Novell is now a part of Micro Focus

Monitoring Synchronization with NTPQ

Novell Cool Solutions: Trench
By Siddharth Jagtiani

Digg This - Slashdot This

Posted: 24 Jun 2003

The Problem

If you've configured NTPv3 (Network Time Protocol) for your NetWare 6.5 boxes, but you wish you were able to monitor the progress of the synchronization process, here's a tip for you.

The Solution

Use the interactive NTP query utility: "NTPQ". This tool has several useful commands.

  1. peers (you can also use "pe" at the ntpq prompt): This gives you the latest information of all your time providers. The columns to look out for are:

    1. The very first column has a particular character. This you should look/notice before anything else. This can represent many things.

      Here is a extract from NTPv3 help page at

      The character in the left margin indicates the fate of this peer in the clock selection process. The codes mean: discarded due to high stratum and/or failed sanity checks; "x" designated falsticker by the intersection algorithm; "." culled from the end of the candidate list; "-" discarded by the clustering algorithm; "+" included in the final selection set; "#" selected for synchronization but distance exceeds maximum; "*" selected for synchronization; and "o" selected for synchronization, PPS signal in use.

    2. "st" for stratum. 16 is a invalid stratum value representing "this server is not considered as a time provider". This can be for various reasons, the most common reasons are "time provider not synchronized", "configured source does not exist" or "ntp server not running".
    3. offset: Difference between "this server" and the time provider. This is in milliseconds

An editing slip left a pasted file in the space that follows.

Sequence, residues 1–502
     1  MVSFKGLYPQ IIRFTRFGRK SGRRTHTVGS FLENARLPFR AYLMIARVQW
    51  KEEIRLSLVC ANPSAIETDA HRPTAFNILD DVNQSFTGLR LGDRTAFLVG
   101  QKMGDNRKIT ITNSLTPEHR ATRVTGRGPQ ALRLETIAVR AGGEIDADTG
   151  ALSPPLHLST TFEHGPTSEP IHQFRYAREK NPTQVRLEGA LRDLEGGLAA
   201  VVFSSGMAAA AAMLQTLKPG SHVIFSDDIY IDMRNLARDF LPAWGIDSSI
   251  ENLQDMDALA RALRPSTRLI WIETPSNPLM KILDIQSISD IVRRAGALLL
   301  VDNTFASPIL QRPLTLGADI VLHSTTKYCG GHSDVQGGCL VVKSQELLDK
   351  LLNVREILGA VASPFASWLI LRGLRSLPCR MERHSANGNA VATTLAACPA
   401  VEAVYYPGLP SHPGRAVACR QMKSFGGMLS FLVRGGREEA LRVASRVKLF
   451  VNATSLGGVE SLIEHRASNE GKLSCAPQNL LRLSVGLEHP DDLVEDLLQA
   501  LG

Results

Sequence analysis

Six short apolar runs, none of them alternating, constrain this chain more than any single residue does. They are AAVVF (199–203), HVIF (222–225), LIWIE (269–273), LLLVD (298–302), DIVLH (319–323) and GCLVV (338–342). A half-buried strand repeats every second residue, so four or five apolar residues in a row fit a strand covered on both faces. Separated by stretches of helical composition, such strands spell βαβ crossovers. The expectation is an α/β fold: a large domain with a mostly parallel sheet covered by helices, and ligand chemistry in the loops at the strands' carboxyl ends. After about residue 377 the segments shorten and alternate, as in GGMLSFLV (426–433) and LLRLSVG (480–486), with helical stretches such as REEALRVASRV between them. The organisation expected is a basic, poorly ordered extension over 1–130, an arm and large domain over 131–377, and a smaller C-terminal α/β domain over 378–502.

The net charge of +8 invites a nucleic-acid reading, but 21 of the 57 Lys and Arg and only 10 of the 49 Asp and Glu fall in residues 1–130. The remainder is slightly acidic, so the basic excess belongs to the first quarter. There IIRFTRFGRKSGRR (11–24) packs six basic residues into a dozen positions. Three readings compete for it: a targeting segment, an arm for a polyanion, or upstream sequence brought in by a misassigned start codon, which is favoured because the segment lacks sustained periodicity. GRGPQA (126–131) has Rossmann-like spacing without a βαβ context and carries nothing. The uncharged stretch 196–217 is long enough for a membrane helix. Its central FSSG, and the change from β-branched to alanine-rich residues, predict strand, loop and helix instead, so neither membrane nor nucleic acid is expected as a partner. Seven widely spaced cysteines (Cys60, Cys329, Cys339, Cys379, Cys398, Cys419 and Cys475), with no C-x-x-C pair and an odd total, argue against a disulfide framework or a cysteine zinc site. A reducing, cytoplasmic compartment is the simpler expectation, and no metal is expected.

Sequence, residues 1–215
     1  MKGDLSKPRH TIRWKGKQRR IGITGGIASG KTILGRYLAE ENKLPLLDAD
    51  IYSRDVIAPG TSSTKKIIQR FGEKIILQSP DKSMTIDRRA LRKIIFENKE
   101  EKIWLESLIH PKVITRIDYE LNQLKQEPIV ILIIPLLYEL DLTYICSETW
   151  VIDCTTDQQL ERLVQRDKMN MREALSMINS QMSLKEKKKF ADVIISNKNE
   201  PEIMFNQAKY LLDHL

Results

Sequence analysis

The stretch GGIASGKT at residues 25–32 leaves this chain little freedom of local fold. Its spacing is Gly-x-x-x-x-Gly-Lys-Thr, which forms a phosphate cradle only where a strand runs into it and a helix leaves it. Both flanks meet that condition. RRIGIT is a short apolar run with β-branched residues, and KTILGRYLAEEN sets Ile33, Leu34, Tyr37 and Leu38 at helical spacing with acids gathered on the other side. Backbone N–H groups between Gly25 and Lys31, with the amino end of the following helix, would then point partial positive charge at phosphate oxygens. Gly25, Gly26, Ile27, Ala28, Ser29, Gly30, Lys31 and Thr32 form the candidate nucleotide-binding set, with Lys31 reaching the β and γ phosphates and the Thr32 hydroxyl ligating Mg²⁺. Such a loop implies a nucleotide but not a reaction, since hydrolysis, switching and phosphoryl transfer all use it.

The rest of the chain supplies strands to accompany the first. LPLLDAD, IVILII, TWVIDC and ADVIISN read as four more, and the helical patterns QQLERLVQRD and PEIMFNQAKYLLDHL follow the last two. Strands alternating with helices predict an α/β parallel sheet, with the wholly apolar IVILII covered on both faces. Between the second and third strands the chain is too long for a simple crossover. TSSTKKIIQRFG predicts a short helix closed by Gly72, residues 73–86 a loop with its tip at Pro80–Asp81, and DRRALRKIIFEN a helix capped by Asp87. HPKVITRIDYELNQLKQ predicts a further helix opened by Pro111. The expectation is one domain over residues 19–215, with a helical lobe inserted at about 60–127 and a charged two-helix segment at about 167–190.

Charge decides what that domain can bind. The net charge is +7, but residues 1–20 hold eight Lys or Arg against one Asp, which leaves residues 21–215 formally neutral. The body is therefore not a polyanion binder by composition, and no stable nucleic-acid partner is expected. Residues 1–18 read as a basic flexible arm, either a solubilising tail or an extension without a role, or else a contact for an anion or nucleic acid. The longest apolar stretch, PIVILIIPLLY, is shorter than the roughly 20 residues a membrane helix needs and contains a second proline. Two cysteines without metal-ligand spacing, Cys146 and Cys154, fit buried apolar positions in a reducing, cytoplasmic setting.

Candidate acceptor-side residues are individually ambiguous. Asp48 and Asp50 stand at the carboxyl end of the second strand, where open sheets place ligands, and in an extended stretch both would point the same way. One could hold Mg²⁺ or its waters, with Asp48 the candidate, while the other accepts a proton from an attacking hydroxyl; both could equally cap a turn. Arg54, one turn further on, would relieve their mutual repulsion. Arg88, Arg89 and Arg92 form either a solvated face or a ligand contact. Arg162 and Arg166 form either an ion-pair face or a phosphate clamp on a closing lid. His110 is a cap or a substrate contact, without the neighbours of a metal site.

Summary: st should be between 0 and 16. Offset should be less than 150 ms.

  2. "associations" (you can also use "as" at the ntpq prompt): One association is one time provider. The as command gives you a list of all associations and a summary about them.

  3. "readvar" (you can also use "rv" at the ntpqpromptt): This command gives you detailed information about your association. Usage is "rv ". So you need to first run the "as" command and then run the "rv" with the association you want details from. This command generates lot of information. The items of interest are the last 3 lines with 8 columns. Now, read carefully. The columns are the last 8 values for delay, offset and error scrolling from left to right. So the left most will have thelatestt information.

  4. "rvi" (NetWare 65 only): It's difficult to use the "rv" command since you have to remember the association id all the time. So, this command uses the index instead of the association id. Example: rvi 1 will give you the "rv" summary of the first association.

For the experts:
Q: I have seen the last 8 offsets, but what is the duration between each offset?
A: Simple, there is parameter "ppoll" (rv command), use this to calculate the duration between each poll.
Duration of poll = 2nd power ppoll. So if ppoll is 4, Duration will be 16 seconds.

  1. "pe" command will give you summary to check which time provider was selected for sync and who was rejected.
  2. "as" gives you theassociationn id's.
  3. "rv" or "rvi" : Will give you the history of last 8 poll's.

Simplest way to get regular updates.
Go too NetWare Remote Manager - Health Monitor - NTP Monitoring Service to get regular updates for "pe", "as", rv".

Editor's Note: for more information on NTPQ, see

Novell Cool Solutions (corporate web communities) are produced by WebWise Solutions.

© Copyright Micro Focus or one of its affiliates